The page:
Friday, April 9, 2010

#followfriday why @MissKellyO @rahsheen @clydetombaugh @chrisbrogan

First, a word of explanation.

I don't think I've ever participated in Follow Friday before, but I was inspired to do so by this post by Chris Brogan. Brogan, while lauding the practice, saw some drawbacks in the way it was implemented.

Follow Friday has become a bit of a mess to look at on Twitter, because every Friday, many people start posting 140 characters worth of names of people they feel you might benefit from knowing.

Brogan proposed a solution:

My idea: turn Follow Friday into a single tweet with a link to a blog post of the people you think others should follow.

It solves two problems: It gives you more than 140 to talk about the people you recommend, and it also cleans up Twitter so that we don’t watch a stream of @someoneawesome names rushing by all day.

You with me?

Not entirely. You see, here's what Chris' Follow Friday tweet looked like:

My list of people to follow for this Friday -

Now perhaps some may regard the lack of @names in the tweet as a refreshing lack of clutter, but to my mind they reduce the usability of the tweet. How will Twitter users @Ed, @MayhemStudios, and the rest know why they're getting the sudden surge in traffic? The critical information is buried away in a blog post.

Initially I simply stated my thoughts in a comment to Brogan's original post, but then I figured it would be better off to model my ideal vision of how this should be done. Hence this post, with its title "#followfriday why @MissKellyO @rahsheen @clydetombaugh @chrisbrogan."

Since I'm writing this in my music blog, the listed #followfriday people are all musically-related. Well, with the exception of Brogan, and perhaps he's a karaoke master or something like that.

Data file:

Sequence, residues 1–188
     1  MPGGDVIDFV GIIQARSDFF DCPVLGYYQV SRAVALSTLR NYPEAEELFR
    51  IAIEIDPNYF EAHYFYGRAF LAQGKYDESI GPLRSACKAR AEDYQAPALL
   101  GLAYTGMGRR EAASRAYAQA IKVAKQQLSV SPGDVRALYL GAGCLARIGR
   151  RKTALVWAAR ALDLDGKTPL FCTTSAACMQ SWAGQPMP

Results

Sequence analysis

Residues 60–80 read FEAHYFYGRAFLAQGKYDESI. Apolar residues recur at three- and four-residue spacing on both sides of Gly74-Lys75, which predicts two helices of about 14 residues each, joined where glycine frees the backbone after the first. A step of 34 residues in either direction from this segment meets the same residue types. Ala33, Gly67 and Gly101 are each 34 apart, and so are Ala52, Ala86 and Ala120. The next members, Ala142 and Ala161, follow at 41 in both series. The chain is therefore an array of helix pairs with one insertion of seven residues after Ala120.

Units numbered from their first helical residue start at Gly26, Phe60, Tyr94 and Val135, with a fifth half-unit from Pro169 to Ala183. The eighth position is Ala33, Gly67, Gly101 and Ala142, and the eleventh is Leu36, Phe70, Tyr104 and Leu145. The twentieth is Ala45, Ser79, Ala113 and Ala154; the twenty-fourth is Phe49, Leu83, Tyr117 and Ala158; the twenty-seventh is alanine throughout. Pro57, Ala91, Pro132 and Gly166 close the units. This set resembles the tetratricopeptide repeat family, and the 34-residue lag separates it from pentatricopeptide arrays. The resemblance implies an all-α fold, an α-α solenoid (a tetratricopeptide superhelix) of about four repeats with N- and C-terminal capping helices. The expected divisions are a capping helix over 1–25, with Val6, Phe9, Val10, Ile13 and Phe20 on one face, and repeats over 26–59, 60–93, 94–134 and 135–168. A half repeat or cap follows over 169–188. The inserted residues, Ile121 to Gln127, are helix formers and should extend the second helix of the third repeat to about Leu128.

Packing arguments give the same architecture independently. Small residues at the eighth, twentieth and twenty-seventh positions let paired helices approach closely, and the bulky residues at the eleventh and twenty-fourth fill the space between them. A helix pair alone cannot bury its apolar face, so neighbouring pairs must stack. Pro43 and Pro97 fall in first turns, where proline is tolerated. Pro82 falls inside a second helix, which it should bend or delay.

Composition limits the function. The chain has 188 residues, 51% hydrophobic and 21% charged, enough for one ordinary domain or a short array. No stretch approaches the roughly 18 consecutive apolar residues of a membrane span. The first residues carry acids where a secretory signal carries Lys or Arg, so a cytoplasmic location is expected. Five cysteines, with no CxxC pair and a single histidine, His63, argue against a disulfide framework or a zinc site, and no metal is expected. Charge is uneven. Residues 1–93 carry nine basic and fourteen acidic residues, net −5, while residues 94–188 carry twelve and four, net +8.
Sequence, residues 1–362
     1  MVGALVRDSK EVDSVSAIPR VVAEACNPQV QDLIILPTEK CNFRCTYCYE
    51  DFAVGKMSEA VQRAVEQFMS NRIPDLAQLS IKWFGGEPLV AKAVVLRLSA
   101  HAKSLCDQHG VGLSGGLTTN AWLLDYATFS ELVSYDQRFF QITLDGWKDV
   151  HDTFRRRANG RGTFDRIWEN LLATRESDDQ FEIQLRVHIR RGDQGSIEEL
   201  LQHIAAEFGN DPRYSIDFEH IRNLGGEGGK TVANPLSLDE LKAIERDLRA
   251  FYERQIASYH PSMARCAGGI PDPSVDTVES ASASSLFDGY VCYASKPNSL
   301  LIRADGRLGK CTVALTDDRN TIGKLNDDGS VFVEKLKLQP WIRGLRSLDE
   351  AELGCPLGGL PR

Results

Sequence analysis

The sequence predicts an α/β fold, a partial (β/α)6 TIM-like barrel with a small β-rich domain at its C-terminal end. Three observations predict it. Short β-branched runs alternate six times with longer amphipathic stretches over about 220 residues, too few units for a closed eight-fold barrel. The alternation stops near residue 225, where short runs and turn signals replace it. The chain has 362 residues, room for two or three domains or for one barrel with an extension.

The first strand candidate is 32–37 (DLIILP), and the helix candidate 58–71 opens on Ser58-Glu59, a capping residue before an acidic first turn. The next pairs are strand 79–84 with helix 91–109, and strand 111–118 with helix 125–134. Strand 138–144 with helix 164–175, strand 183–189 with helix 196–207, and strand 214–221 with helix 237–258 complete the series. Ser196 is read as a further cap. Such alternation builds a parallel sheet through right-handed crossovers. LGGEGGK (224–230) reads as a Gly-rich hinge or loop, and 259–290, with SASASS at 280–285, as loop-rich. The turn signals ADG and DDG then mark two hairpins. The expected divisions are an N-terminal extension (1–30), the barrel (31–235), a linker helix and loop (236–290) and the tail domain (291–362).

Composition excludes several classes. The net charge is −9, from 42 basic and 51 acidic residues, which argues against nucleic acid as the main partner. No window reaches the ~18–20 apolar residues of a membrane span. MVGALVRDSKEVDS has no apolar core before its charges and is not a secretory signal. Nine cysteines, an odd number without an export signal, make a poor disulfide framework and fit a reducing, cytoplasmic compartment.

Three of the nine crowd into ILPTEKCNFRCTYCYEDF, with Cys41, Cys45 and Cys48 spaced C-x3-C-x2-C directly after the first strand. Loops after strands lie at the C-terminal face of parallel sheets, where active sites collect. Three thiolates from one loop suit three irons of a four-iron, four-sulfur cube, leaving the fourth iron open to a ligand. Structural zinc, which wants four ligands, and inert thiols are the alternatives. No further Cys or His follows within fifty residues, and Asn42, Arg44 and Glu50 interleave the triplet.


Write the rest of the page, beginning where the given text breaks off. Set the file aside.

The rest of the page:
Let's start with @MissKellyO, or Kelly Osbourne. Introduced to the world via reality television, she earned her place on this list via one song - "One Word." See my June 2008 post about this song - sadly, the lip-synced all-male version of the song is no longer available on YouTube.

Next we have @rahsheen (Rahsheen Porter). He's known online for a number of things, one of which is his music. Check out his music page or his page.

My last Follow Friday person is not a musician, unless he warbles Barry Manilow songs to his pet pig. @clydetombaugh is the Twitter handle for Gene "Bean" Baxter, a resident of the state of Washington who broadcasts on a Los Angeles radio station. Some people consider him slightly eccentric. However, there's no denying that as one of the deejays for KROQ's morning show, Baxter has been an influential music figure for the better part of twenty years. Don't believe me? Just ask Gordon Lightfoot. Or the author of this page.

Well, this was fun. Perhaps I should do this with some of my other blogs - anyone up for an Inland Empire Follow Friday in the future?

P.S. If you have an interest in music-related tweeters, all of these people and more can be found on the Empoprise-MU Twitter list at\\

[UPDATE 2:10 PM]

Chris Brogan responded to my comment on his blog. Here is his response:

That would take away the reason why I recommended the shift. In my mind, the shift is about cleaning up all the @ traffic that just is a mention of someone's name, and it's a way to extend the relationship.

They'll see it when they see a boost of followers, or if they've got big ears (google "grow bigger ears").

When you Google the phrase in question (I haven't checked to see if you can Bing it), the first search result is for Brogan's January 2009 post on self-monitoring. The post provides an example of how you can use various free services to monitor mentions of anything - you, your brand, your competitors.

While I still prefer the explicit mention of the followee in the tweet itself (as long as it's supplemented by a "why" reason, either in the tweet itself or in an external source), there's certainly an argument that can be made for the other view.
blog comments powered by Disqus